“We have had some fits and starts along the way and some tenderness relative to tradition and history of the name,” Nadauld said. “I have to keep reminding myself that this is not my baby, or the staff’s baby, but mostly it is the community’s baby. A long awaited baby. We are here to serve the needs of our community.”

He then talked about how people have had many different opinions of what the institution should be called, but he said that they are opinions.

“Names have lots of issues…so we put in place a process to see what people think about names,” he said. “People have strong opinions. If you like red and I like green, then am I better than you? Names are kind of like that.”

Nonetheless, a name will be picked and not everyone will think that it is the greatest, Nadauld said.

“I get that ‘Dixie’ has some baggage for some people,” he said. “I get that it’s absolutely beloved by other people; I get that it’s not my baby. I like that. All the talk about the name is good for us. We are a university.”

As for the mascot, that might be awhile.

“I don’t anticipate getting into mascot changes right away,” Nadauld said.

He then took a lighter side by adding some humor when he said: “I guess if you all thought we had to do that sometime down the road, then I would retire and let you do it. I have been there, done that.”

Student Housing/Food

There is an approach to new student housing that the school is entertaining, Nadauld said. The institution would do a public/private partnership where a private party would run a property for 30 years and then hand it over to the institution.

Part of these plans would include an apartment-style building designed to house more than 300 beds and that would provide a kitchen, which the current dorms do not include. It would be located at the space between the current dorms and the science building.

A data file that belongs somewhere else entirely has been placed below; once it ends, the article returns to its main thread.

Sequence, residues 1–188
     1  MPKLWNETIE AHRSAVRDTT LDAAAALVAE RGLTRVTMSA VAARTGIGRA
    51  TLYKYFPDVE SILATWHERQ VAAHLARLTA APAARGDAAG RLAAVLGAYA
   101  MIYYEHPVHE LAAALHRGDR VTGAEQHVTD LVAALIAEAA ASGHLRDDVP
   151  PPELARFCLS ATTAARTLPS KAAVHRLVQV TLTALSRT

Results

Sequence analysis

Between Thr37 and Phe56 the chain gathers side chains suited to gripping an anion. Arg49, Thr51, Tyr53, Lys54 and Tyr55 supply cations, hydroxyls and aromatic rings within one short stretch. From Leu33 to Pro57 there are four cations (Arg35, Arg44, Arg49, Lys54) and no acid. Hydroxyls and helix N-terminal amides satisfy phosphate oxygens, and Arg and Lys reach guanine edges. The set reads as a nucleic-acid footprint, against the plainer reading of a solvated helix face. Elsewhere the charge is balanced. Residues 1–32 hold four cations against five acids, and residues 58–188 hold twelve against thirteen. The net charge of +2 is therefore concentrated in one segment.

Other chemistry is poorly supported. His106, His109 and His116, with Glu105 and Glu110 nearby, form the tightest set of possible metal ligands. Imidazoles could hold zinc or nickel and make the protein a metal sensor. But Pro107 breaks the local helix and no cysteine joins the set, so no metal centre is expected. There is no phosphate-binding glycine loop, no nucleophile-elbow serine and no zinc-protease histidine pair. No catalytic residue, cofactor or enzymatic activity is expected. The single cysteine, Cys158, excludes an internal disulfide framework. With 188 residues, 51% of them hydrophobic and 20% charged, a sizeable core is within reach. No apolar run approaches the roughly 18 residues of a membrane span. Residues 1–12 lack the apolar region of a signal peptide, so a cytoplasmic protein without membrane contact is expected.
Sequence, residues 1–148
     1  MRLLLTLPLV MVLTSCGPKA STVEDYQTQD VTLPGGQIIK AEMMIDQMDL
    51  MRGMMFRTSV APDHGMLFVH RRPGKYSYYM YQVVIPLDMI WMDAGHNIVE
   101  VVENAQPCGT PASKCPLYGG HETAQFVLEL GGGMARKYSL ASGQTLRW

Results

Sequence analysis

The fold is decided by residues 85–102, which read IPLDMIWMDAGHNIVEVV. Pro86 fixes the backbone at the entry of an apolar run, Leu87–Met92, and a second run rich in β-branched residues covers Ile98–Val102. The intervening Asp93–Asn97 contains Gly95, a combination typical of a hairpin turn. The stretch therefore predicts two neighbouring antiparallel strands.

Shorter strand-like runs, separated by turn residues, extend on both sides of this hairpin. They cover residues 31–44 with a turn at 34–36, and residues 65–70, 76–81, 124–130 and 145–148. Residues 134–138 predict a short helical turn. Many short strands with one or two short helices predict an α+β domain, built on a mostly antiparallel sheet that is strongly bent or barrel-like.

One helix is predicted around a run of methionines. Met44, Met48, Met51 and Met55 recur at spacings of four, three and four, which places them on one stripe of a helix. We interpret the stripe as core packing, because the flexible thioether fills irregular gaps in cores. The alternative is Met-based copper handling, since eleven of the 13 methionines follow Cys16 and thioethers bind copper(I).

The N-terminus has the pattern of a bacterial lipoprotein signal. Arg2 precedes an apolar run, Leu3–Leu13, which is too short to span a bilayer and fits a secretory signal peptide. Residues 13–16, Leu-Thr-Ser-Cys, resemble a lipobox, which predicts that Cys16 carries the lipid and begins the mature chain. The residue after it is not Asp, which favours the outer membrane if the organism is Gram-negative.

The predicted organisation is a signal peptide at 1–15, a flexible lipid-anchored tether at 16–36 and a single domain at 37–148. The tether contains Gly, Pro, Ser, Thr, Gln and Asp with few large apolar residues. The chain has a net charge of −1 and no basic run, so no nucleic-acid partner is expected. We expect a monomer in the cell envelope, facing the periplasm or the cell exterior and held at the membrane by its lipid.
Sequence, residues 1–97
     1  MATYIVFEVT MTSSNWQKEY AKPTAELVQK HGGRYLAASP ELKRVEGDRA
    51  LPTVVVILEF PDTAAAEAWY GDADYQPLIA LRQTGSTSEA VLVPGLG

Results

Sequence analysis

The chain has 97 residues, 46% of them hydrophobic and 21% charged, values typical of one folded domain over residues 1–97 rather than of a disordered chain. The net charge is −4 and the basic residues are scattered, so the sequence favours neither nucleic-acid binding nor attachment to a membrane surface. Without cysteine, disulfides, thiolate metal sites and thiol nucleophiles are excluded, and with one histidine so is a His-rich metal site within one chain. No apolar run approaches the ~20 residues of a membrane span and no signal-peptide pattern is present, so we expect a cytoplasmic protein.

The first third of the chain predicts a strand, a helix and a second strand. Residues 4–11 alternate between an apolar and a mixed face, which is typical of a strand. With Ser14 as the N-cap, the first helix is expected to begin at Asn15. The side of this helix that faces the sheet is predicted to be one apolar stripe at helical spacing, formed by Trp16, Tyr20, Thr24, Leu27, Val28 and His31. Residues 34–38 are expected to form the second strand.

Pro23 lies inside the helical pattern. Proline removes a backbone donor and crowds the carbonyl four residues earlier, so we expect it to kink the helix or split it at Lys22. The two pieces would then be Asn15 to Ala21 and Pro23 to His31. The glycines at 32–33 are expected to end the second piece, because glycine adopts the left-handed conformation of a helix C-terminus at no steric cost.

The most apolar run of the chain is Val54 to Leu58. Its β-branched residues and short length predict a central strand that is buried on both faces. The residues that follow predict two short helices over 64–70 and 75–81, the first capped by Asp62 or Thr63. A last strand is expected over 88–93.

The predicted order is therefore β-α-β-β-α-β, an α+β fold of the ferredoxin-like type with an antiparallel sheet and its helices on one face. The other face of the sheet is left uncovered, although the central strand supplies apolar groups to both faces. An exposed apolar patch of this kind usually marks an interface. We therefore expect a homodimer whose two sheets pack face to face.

Nadauld said he hopes the old dorm buildings will be torn down and replaced by two more similar buildings to create a total of more than 900 total bed spaces. He said this could take place in the next five to six years.

In addition to the buildings, a swimming pool could be constructed in the midst of the housing area.

“I would love to have a swimming pool in the middle of the units,” Nadauld said. “That is my vision.”

Some students questioned if the current food services will be improved.

Nadauld said the issue is the volume of students who would eat on campus.

“We are still largely a commuter campus,” he said. “We do not have the volume of students to justify providing the variety of food that you could get on other campuses. If we get to 900 students on campus, then we might have the volume to justify diversifying the food offerings.”

He said the issue will be revisited in the fall, but the food services are always open to suggestions. Also, an email was sent to all students’ Dmail accounts, which contained a survey about food services.

Nadauld said he hopes students will help support the transition into university status.